It explains that "the group's tax charge is materially dependent on the amount of UK tax relief available to it for interest expense on certain intra-Group loans. The amount of such relief is limited to the ‘arm's length' amount of interest, which can be a subjective matter. In order to obtain greater certainty regarding our affairs we have since 2008 operated pursuant to a formal advance thin capitalisation agreement with the UK's tax authority, HM Revenue & Customs, which...applies until 31 December 2017."

F1's ultimate parent company, Delta Topco, is based in Jersey and the prospectus adds that it is "subject to Jersey corporation tax since it is a Jersey incorporated company. However, the current corporation tax rate in Jersey that is applicable to the company is zero."

Matthew Sinclair, Chief Executive of the TaxPayers' Alliance, says that "Britain's hideously complex tax code means it's incredibly difficult for the public to understand how much tax a company, let alone an F1 team, should pay. What's more, those with the right accountants and lawyers can take advantage of the loopholes that complexity creates to minimise their tax bills. It's vital that the politicians who created our broken tax code now drastically simplify and reform it so people can be assured that everyone, whether a racing boss or a coffee giant, is paying their fair share, no more and no less."

Despite not paying much tax, the UK benefits tremendously from companies connected to F1 being based in the country. The teams, engine manufacturers, Silverstone and F1 itself employ over 5,000 people and spend billions with UK businesses which do pay tax so HMRC wins in the end. However, moves are afoot to tighten up legislation in this area.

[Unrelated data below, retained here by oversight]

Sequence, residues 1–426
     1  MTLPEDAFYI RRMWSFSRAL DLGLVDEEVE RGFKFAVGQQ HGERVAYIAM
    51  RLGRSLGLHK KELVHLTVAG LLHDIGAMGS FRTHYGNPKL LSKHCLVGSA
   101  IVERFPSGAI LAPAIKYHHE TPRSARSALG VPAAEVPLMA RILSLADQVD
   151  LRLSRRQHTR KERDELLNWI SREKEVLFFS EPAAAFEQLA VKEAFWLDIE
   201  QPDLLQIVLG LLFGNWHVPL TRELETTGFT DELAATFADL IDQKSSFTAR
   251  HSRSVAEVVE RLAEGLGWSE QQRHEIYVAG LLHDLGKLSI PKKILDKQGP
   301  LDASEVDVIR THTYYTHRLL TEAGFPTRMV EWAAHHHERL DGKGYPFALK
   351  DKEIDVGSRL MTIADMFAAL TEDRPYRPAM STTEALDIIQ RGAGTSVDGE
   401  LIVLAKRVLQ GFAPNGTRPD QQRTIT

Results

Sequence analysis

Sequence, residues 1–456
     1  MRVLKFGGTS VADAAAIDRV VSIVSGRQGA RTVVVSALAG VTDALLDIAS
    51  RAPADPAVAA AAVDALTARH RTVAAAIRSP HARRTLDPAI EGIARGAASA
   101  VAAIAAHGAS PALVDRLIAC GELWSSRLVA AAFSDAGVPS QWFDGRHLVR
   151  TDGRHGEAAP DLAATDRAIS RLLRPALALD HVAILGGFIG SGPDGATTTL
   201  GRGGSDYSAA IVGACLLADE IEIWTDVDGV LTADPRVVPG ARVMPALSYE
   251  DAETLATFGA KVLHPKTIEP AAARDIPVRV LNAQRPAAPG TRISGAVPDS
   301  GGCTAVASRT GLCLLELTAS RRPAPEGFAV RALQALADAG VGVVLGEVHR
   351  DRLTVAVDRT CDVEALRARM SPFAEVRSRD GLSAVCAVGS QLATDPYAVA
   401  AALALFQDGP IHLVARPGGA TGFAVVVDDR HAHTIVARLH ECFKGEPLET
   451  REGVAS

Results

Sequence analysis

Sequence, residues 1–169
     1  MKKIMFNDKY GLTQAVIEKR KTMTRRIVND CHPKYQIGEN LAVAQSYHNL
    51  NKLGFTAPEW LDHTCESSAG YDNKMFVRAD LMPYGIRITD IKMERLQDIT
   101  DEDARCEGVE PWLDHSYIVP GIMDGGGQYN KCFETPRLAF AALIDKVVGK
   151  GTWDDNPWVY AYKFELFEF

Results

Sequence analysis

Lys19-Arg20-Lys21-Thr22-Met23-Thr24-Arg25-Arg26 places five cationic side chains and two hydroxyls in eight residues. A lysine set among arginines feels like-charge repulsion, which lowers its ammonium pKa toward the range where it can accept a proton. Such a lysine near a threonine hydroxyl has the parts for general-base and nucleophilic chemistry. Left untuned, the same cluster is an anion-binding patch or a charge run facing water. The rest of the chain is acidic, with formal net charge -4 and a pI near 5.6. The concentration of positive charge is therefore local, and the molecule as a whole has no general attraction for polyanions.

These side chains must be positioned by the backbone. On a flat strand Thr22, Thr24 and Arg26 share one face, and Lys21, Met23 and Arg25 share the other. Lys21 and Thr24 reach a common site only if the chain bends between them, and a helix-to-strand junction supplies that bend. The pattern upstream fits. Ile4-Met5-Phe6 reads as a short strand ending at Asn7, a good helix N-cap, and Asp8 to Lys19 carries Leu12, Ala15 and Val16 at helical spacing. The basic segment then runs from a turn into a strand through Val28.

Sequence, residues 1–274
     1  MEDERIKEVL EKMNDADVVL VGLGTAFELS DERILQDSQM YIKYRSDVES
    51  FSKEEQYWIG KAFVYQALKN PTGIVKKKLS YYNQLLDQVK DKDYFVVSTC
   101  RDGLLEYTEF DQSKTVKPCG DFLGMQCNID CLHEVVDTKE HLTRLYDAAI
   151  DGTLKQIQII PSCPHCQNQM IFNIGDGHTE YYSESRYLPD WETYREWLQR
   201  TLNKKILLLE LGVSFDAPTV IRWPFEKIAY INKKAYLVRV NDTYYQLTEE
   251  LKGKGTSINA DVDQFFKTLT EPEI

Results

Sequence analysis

LATEST NEWS

more news >

RELATED ARTICLES

LATEST IMAGES

galleries >

  • Pitpass.com latest F1/Formula 1 images
  • Pitpass.com latest F1/Formula 1 images
  • Pitpass.com latest F1/Formula 1 images
  • Pitpass.com latest F1/Formula 1 images
  • Pitpass.com latest F1/Formula 1 images
  • Pitpass.com latest F1/Formula 1 images
  • Pitpass.com latest F1/Formula 1 images
  • Pitpass.com latest F1/Formula 1 images
  • Pitpass.com latest F1/Formula 1 images
  • Pitpass.com latest F1/Formula 1 images
  • Pitpass.com latest F1/Formula 1 images
  • Pitpass.com latest F1/Formula 1 images
  • Pitpass.com latest F1/Formula 1 images
  • Pitpass.com latest F1/Formula 1 images
  • Pitpass.com latest F1/Formula 1 images
  • Pitpass.com latest F1/Formula 1 images
  • Pitpass.com latest F1/Formula 1 images
  • Pitpass.com latest F1/Formula 1 images
  • Pitpass.com latest F1/Formula 1 images
  • Pitpass.com latest F1/Formula 1 images

POST A COMMENT

or Register for a Pitpass ID to have your say

Please note that all posts are reactively moderated and must adhere to the site's posting rules and etiquette.

Post your comment

READERS COMMENTS

 

No comments posted as yet, would you like to be the first to have your say?

Share this page

X

Copyright © Pitpass 2002 - 2021. All rights reserved.

about us  |  advertise  |  contact  |  privacy & security  |  rss  |  terms